High-Level luncheon on the occasion of the Launch of the Water Action Decade
– As prepared for delivery –
Statement delivered by Chef de Cabinet František Ružička on behalf of H.E. Mr. Miroslav Lajčák, President of the 72nd Session of the UN General Assembly, at High-Level luncheon hosted by the President of the General Assembly and United Nations Department of Economic and Social Affairs on the occasion of the Launch of the Water Action Decade
Excellencies, distinguished delegates ladies and gentlemen,
Thank you all for being here. I want to also thank the UN Department of Economic and Social Affairs – and, in particular, Under-Secretary-General Zhenmin – for co-hosting this event today.
This is a fitting venue for a lunch on water and energy. Not only does it allow us all to refuel, and replenish our energy reserves – but it does so with some of the best water views the United Nations has to offer!
It also comes on the heels of today’s launch of the International Decade for Action: Water for Sustainable Development.
And so, I hope our discussions will be all the more interesting for it.
Before we get started, I want to make three main points.
First, I want to focus on the relationship between water and energy.
It is one of interdependence.
Water needs energy, and energy needs water. If we want to produce any form of energy, water will be used in some stage of the process. And if we want to ensure access to safe water and sanitation, we will need energy to make that happen.
Another commonality between these two resources is our use of them. Which, in one word, is unsustainable. We have grown our economies, and accelerated our consumption, at the expense of our water supplies. And, at the same time, we have used up a lot of our world’s finite energy resources.
And, it looks like these trends will accelerate – both the interdependence between water and energy, and our rampant use of them.
According to the International Energy Agency, by 2040, the amount of water consumed by the energy sector will increase by almost 60%. Also by 2040, the amount of energy used in the water sector is projected to more than double. This will be fuelled by population growth, and rising demands for food, water and energy.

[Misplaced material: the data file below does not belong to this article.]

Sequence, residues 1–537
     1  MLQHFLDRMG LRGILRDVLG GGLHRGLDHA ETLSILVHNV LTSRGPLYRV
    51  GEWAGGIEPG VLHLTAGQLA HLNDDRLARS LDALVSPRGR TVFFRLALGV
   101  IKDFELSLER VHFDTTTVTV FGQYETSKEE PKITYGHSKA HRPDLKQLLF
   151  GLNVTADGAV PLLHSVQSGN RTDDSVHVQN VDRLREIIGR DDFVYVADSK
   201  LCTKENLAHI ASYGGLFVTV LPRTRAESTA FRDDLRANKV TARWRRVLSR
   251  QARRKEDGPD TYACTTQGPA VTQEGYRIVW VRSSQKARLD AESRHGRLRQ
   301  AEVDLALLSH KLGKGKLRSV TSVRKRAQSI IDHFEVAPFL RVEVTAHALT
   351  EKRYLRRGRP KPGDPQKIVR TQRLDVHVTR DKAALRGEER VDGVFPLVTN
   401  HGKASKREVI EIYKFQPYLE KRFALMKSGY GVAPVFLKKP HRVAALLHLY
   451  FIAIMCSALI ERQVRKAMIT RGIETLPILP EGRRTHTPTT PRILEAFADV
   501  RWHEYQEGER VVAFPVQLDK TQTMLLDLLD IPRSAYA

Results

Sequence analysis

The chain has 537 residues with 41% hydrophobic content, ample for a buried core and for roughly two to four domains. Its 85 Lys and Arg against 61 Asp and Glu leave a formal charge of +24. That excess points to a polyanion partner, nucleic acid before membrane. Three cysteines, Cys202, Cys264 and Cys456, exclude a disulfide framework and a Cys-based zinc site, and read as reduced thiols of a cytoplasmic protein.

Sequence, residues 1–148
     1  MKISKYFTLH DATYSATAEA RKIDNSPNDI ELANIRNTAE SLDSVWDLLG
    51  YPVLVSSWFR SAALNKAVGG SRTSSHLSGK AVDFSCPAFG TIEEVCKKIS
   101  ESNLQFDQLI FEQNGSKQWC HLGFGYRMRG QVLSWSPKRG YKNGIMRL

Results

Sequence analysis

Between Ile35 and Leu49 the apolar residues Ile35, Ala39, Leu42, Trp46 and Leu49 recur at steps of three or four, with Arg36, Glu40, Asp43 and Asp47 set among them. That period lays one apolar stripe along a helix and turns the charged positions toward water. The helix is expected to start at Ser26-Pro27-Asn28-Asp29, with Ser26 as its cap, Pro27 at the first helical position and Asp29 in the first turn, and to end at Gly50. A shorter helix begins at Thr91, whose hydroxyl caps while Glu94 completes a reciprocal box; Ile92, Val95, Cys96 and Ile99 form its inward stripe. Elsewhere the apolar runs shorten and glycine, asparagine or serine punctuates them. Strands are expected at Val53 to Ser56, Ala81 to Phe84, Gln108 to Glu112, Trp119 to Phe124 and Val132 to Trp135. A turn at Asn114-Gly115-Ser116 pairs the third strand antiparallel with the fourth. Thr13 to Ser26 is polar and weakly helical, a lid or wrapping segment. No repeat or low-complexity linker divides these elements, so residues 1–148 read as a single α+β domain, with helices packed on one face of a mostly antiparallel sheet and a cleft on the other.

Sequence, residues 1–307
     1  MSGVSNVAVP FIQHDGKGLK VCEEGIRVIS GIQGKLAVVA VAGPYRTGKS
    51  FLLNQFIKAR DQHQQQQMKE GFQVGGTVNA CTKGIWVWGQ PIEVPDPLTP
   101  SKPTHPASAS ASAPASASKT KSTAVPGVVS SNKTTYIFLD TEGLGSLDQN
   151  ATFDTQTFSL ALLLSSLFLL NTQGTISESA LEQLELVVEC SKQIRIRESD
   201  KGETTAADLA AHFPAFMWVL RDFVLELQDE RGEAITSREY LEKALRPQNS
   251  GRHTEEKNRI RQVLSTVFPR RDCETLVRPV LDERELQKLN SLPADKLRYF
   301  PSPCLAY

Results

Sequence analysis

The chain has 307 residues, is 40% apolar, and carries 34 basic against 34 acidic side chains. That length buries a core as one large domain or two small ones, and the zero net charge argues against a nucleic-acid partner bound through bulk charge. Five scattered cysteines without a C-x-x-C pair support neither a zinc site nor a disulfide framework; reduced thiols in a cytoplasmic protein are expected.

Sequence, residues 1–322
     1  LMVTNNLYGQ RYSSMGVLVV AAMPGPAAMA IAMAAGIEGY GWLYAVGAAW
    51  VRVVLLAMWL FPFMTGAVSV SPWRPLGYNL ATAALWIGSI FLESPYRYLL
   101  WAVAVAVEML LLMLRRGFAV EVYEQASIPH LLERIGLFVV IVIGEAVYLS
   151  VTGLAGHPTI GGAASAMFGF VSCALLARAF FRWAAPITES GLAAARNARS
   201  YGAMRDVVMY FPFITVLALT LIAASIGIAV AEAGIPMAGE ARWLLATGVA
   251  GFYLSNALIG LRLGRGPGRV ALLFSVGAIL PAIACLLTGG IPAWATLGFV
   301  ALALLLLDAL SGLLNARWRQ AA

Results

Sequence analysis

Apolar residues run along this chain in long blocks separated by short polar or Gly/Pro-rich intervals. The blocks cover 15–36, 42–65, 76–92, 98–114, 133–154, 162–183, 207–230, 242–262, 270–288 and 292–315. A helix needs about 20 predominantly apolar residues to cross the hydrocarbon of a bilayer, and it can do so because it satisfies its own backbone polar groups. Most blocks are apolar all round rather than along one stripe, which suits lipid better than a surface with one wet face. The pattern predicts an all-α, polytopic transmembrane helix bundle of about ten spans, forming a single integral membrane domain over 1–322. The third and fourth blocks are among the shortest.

But, we do not have to wait until 2040 to see the risks involved. Lack of progress in transitioning to clean energy is degrading our already-damaged environment. Millions of people are dying, every year, from the pollution caused by our energy use. And, water is, simply, running out. As we have heard today, Cape Town may be the first major city to deal with this reality – but none can escape it.
And so, we are here to talk about the relationship between water and energy. The nexus. The linkages. The synergies. But, among all these terms and jargon, we cannot lose sight of people.
Which is why, as my second point, I want to focus on people. Because they should be at the centre of any discussion we have on energy and water.
Water-related challenges are a major cause of human suffering. Poor sanitation leads to the deaths of nearly a thousand children, under the age of five, every day. And millions of women continue to walk long, and often dangerous, journeys on a daily basis to collect water.
At the same time, over 1 billion people still live without electricity. And more than 3 billion people are still cooking without clean fuels, which leads to illness and death.
Most of us, in this room, do not experience these challenges personally. At this lunch, we can drink as many glasses of safe, clean water as we want. And we can take for granted that our homes and hotel rooms will have both light, heat and running water, when we return this evening.
But that does not mean that we are exempt from taking action – on behalf of those not in this room today. Instead we need to think outside of this room – and outside of the box. And this is my third and final point today.
We must do more to address the nexus between water and energy. Innovation and creativity will allow us to do so.
We are already seeing this happen.
We are seeing organic waste being used to produce renewable energy.
We are seeing technology that can turn wastewater treatment plants into generators of heat or electricity
We are seeing solar-powered pumps allowing farmers to, both, increase their yields, and sell their excess power back to the grid.
These best practices need to be scaled up – all around the world.
Excellencies, ladies and gentlemen.
This summer, we will review both SDG 6, on water, and SDG 7, on energy, during the High-Level Political Forum.
However, this does not mean that we should wait, until then, to tackle these issues.
Let us start today.